Business, Freight News, Logistics, Road

Brexit: the time for talking is over, say industry groups

[ November 12, 2020   //   ]

Logistics UK says it is “incredulous” that the government has announced a Business Task Force at such a late stage in the process. With only 34 working days remaining until the end of the Brexit transition period business needs direction and decisions by government, “not another set of meetings,” said chief executive David Wells. “With information still needed from government and decisions required on GB-NI trade, this feels like nothing more than a smokescreen to cover up the government’s lack of focus on the issues which will hit the UK hard come 1 January 2021.”

Wells added: “Logistics businesses have been engaging closely with government since the election last December to clarify the supply chain issues which will ultimately affect us all. After a year of raising our concerns with government, this new task force feels like nothing more than a diversionary tactic to conceal the administration’s failure to grasp the issues which we and our members have been raising with them for nearly 12 months.  Logistics businesses remain committed to making Brexit work for the good of the nation, but at this late stage needs government to face up to the complexity of the challenges our sector faces to keep Britain trading from the new year.”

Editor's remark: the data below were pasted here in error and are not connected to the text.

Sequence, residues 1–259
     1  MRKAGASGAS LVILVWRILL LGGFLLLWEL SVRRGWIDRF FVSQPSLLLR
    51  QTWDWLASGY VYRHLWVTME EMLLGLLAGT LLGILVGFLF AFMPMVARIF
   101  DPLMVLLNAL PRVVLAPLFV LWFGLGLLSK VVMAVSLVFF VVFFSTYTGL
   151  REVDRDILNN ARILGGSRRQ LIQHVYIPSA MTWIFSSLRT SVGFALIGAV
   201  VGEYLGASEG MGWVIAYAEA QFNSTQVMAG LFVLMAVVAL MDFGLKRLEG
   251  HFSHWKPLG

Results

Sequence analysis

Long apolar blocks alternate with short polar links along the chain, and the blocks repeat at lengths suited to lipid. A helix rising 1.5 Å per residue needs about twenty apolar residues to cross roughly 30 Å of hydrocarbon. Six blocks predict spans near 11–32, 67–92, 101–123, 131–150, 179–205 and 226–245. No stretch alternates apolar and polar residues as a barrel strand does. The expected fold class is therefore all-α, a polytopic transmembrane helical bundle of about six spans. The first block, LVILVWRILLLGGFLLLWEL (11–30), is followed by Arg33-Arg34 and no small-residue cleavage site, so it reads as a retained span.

The previous evening, Road Haulage Association managing director of policy and public affairs, Rod McKenzie slammed the lack of preparedness on customs. He told the Newsnight programme: “How is it possible that a government that realises we are exiting the European Union and is working on a free trade agreement is not capable of organising an effective system for a new customs and border arrangement, which we haven’t had to do for more than forty years? We’ve been telling them literally for years ‘you need to get a move on’, and now, with less than… about thirty working days to go till this moment, they’re suddenly hitting the accelerator? It’s been chaotic, it’s been frankly pathetic, and the information that’s been provided to businesses is woefully inadequate”.

He said that there were still holes in the Border Operating Model and IT systems were clearly not fit for purpose.

Many Irish hauliers had no faith in the UK Government’s Trader Support Service that is due to manage traffic to and from Northern Ireland, he added.